The Consumer Financial Protection Bureau student loan ombudsman, Rohit Chopra, has issued his first annual report required by the Dodd-Frank financial reform law. Michelle Singletary of the Washington Post says that the report may portend a finanical crisis.
The report's executive summary appears after the jump.
** In the Dodd-Frank Wall Street Reform and Consumer Protection Act, Congress established an ombudsman for private student loans within the Consumer Financial Protection Bureau. In its first year of operation, the CFPB entered into a memorandum of understanding with the Department of Education to coordinate on student loan complaints, began accepting student loan complaints at ConsumerFinance.gov in March 2012, and released a number of consumer education tools to assist borrowers.
** Outstanding student loan debt is now over $1 trillion, with private student loans accounting for more than $150 billion. There are at least $8 billion of private student loans in default, representing more than 850,000 individual loans. Private student loans are issued by banks and credit unions, state-affiliated and non-profit agencies, schools, and other financial companies. Like in the mortgage market, creditors often employ thirdpartyservicers to collect payments from private student loan borrowers. Many of these servicers are also active in the federal student loan market.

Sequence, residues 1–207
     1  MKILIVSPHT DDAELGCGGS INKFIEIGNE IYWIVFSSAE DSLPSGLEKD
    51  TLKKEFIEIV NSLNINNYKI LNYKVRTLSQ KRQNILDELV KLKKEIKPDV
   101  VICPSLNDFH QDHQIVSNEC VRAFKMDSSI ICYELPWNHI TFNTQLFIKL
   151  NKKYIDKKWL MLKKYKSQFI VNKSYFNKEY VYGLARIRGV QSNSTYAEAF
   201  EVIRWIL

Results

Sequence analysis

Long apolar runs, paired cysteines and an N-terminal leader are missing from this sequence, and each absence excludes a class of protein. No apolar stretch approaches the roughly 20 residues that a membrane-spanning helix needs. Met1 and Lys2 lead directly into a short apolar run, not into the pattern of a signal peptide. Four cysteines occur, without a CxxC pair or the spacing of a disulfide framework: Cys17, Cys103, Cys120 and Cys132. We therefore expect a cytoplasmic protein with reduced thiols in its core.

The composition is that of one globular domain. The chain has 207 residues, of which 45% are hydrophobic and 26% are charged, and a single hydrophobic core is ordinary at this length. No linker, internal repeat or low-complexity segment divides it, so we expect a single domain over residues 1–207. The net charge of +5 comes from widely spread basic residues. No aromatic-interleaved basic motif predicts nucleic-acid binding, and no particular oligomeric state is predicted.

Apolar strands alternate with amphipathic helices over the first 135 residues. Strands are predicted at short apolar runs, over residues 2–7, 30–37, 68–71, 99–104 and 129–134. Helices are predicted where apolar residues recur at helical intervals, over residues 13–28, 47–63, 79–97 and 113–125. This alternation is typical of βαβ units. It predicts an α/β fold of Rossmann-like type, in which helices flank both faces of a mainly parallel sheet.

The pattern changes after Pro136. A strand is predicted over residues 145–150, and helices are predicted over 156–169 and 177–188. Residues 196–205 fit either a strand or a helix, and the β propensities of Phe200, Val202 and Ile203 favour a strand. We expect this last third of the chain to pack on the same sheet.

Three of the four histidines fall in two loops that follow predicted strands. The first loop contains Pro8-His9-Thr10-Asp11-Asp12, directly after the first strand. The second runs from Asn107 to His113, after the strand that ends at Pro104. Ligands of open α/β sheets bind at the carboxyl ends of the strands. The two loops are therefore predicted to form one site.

** In less than seven months, the CFPB has handled approximately 2,900 private student loan complaints. For complaints where companies report monetary relief, the median amount of relief reported was $1,572. The vast majority of the complaints were related to loan servicing and loan modification issues.
** Eighty-seven percent of all student loan complaints were directed at just seven companies. This is not surprising, given that the private student lending and servicing markets are highly concentrated.
** The complaints and input received by the CFPB resemble many of the same issues experienced by mortgage borrowers, such as improper application of payments, untimeliness in error resolution, and inability to contact appropriate personnel in times of hardship. Many borrowers feel overburdened by paperwork and other requirements to activate incentives marketed prior to loan origination.
** Similar to the mortgage market, active-duty servicemembers and their families sometimes experience difficulty exercising their rights under the Servicemembers Civil Relief Act.
** Like mortgage borrowers, student loan borrowers face challenges when attempting to refinance or modify their debt. Many borrowers are unable to take advantage of low interest rates due to a lack of refinance options, while others have been unable to secure modified payment plans during the difficult labor market environment.